Transition initiatives in Australia, as elsewhere, have been mooted as a means of increasing community resilience to the threats posed by peak oil, climate change and economic uncertainty. Their emergence has attracted researchers to ask questions around their purpose, effectiveness and attraction for those who participate, as well as their likely future prospects in changing attitudes and habits in their respective communities and in society as a whole. This paper contributes to the broader understanding of transition initiatives in Australia by analysing the findings from a survey conducted amongst those involved in such initiatives within a deinstitutional theory framework. It is concluded that although the emergence of these initiatives are somewhat indicative of deinstitutionalisation, this is limited. In addition, the concepts and concerns on which they are based flow only slowly into the broader community.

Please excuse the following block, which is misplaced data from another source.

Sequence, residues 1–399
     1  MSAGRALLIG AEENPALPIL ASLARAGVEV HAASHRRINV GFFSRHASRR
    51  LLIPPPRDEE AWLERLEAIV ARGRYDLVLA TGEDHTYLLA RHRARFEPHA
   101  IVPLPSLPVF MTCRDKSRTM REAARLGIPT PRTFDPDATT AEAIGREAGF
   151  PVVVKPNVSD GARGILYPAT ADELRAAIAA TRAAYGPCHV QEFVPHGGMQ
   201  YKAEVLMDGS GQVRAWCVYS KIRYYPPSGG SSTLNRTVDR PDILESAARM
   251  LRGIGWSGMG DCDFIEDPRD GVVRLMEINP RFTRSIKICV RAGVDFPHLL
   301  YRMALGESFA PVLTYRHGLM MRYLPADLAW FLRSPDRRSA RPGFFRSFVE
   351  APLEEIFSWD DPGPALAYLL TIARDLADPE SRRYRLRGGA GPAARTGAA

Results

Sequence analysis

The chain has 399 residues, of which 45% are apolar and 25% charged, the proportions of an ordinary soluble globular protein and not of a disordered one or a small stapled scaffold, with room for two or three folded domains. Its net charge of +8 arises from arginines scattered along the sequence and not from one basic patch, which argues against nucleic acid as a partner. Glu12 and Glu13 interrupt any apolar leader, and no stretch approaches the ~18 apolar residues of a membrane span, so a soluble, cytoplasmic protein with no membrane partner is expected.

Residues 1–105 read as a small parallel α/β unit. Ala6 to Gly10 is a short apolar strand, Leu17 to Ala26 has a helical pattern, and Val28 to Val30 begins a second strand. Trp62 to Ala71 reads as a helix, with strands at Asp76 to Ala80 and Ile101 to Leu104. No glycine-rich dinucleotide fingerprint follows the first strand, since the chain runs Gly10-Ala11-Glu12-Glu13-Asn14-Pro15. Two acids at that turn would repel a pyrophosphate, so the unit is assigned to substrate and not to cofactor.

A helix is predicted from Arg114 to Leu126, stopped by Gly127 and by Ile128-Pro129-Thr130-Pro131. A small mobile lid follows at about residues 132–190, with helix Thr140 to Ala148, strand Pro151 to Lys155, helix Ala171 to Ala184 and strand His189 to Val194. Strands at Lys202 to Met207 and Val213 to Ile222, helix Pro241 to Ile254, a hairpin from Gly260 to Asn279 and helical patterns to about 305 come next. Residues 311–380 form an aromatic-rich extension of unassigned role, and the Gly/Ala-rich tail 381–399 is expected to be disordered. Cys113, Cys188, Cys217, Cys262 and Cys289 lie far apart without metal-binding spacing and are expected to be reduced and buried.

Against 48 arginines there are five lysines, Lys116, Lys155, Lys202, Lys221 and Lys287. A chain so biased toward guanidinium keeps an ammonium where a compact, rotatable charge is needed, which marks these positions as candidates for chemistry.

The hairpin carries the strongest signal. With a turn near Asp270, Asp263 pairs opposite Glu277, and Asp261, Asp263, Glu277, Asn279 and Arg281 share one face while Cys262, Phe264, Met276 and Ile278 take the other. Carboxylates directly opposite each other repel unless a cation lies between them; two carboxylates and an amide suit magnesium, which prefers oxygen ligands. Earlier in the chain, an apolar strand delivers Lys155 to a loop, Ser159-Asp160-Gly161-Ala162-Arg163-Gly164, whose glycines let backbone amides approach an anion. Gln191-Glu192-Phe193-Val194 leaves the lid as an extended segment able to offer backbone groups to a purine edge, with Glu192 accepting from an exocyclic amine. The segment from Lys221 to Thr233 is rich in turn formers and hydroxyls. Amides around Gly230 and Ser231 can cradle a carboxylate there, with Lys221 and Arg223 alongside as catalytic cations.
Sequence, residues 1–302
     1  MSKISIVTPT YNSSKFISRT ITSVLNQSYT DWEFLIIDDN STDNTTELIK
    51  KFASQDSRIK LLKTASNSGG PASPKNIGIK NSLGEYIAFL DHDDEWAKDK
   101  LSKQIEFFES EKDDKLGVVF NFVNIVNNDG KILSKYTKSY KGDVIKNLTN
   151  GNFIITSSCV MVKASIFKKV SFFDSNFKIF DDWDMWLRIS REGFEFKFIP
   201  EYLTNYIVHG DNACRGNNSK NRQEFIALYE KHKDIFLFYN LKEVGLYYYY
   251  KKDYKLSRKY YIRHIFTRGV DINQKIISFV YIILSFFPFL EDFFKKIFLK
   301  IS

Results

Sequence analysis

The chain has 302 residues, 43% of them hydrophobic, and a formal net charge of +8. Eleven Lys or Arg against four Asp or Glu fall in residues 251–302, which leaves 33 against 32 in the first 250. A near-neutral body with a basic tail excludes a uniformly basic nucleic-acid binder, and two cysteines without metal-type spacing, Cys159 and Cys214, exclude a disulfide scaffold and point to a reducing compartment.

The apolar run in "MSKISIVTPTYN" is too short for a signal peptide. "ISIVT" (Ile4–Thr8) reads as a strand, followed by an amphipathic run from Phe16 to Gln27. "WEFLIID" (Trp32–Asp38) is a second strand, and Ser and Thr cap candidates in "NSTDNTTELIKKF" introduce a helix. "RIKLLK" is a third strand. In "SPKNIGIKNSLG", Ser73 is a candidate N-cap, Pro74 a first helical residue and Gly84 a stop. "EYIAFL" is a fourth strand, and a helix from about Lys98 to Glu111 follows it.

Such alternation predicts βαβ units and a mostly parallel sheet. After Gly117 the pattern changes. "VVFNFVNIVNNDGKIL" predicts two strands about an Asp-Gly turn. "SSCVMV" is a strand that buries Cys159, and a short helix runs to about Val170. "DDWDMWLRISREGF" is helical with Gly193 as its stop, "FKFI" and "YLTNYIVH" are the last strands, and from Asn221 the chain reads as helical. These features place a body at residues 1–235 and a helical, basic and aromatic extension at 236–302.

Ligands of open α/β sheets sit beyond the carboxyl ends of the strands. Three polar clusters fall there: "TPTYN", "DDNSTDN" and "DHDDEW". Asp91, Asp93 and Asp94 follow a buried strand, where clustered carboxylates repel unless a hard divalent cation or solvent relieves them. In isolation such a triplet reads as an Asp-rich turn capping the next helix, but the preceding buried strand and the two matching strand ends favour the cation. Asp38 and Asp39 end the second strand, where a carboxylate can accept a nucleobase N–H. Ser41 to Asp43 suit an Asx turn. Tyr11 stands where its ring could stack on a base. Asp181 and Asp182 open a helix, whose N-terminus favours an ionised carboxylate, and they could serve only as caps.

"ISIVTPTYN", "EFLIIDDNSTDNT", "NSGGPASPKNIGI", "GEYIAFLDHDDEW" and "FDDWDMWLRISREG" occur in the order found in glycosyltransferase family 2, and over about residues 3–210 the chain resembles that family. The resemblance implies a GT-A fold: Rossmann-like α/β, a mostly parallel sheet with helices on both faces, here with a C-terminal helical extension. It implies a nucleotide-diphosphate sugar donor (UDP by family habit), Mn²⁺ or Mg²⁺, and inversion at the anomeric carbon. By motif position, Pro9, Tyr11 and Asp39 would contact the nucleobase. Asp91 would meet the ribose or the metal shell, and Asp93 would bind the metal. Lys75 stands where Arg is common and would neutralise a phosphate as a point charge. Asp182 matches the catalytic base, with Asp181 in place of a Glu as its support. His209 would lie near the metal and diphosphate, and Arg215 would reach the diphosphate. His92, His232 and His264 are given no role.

The 'transition town' or transition initiative, as it is often now described, is the brainchild of Rob Hopkins who launched the concept in Totnes, Britain, in 2005. The concept has spawned some hundreds of similar such initiatives in a range of countries around the world as a means for communities to increase their resilience to the future challenges from two major environmental concerns: peak oil and climate change. Although some such initiatives have been very successful, this is not the case with all. Drawing on concepts from institutional theory, I report the findings from discussions held with individuals involved in specific transition initiatives in New Zealand in order to identify and explore the range of characteristics of successful such initiatives. I also discuss some of the challenges and difficulties facing such initiatives and highlight some of the conflicts and ironies that emerge from their establishment and growth.